After Years-Long Battle, Pension Cuts Come To San Jose Firefighters

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San Jose firefighters are facing higher retirement ages and lower pension benefits after they came out on the losing side of a long fight between labor unions and the city of San Jose.

Voters approved a ballot measure to cut pension benefits for newly hired public employees almost four years ago, but the firefighters had yet to adopt the changes.

Reported by San Jose Mercury News:

The changes mean newly-hired firefighters can retire at age 60 with a pension of up to 65 percent of their salary. Current firefighters can still retire at age 50 with up to 90 percent of their salary.

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The final arbitration decision, announced this week, will save taxpayers millions of dollars compared to more generous retirement plans previously given to firefighters. It’s a victory for Mayor Chuck Reed, the city’s chief pension reformer, and his fiscal conservative allies that make up a majority of the City Council, who have seen the public costs for employee retirement skyrocket in the last decade.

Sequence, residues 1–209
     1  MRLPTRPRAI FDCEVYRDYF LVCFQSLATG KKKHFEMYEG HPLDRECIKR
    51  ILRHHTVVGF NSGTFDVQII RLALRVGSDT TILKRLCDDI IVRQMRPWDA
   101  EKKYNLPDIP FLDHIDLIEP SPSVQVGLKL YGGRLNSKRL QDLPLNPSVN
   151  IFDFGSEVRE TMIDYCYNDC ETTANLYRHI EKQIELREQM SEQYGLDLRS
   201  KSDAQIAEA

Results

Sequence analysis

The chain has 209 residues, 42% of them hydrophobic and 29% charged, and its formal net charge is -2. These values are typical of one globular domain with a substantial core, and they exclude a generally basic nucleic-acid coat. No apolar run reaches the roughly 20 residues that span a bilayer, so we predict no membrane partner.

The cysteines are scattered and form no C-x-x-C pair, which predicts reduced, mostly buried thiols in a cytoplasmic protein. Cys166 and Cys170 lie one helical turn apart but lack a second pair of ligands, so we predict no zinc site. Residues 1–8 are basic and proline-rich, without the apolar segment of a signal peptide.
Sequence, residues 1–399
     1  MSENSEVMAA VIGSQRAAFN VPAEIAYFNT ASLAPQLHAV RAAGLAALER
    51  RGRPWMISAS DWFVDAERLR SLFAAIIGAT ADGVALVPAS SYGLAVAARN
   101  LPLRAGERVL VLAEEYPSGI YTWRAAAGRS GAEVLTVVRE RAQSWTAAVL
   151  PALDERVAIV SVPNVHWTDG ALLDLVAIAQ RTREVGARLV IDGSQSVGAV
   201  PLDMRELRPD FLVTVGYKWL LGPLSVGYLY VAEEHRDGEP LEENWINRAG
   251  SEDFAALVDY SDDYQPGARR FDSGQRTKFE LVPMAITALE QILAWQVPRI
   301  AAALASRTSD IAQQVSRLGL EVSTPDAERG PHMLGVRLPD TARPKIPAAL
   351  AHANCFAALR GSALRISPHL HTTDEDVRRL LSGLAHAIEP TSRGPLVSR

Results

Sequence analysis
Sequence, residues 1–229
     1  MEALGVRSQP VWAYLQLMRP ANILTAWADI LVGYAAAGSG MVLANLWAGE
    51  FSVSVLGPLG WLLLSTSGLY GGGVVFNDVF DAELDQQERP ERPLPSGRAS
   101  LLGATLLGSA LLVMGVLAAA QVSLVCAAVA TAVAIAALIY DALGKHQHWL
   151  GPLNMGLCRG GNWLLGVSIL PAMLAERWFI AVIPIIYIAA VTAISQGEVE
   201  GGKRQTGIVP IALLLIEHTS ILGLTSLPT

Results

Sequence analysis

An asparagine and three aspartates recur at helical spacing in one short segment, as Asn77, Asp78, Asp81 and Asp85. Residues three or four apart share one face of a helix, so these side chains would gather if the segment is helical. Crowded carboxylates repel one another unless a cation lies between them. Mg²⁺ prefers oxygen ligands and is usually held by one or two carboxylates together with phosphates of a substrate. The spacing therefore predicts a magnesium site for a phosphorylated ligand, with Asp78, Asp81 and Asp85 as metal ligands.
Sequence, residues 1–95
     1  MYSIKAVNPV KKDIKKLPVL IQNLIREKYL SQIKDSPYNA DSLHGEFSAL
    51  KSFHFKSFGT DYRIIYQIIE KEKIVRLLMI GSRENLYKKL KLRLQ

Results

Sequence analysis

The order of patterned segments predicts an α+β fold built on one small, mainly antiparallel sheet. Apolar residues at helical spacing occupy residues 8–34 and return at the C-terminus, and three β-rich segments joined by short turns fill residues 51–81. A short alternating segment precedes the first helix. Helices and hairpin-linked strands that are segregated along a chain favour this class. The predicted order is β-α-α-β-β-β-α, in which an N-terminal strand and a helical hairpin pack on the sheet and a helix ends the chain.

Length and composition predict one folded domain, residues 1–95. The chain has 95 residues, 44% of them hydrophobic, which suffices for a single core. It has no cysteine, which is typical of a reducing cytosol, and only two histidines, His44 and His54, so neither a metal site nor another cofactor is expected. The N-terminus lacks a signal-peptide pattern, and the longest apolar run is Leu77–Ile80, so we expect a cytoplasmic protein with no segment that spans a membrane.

Retired Judge Catherine Gallagher, the arbitration board chair, made the ruling nearly four years after voters approved a second “tier” of reduced retirement benefits for new employees, and more than two years after voters set limits on those pensions. Gallagher noted in siding with the city that the voter-approved measures prevented her from adopting anything that increased taxpayer costs.

The firefighters are the last of 11 city unions to implement the pension plan changes for new hires, while voter-approved cuts to current employees’ retirement plans remain tied up in court.

Firefighters unions opposed the changes. They argue that it will be harder to hire quality talent if they can’t offer better retirement benefits. As a result, they claim, emergency response times will increase and the quality of the fire department will suffer.

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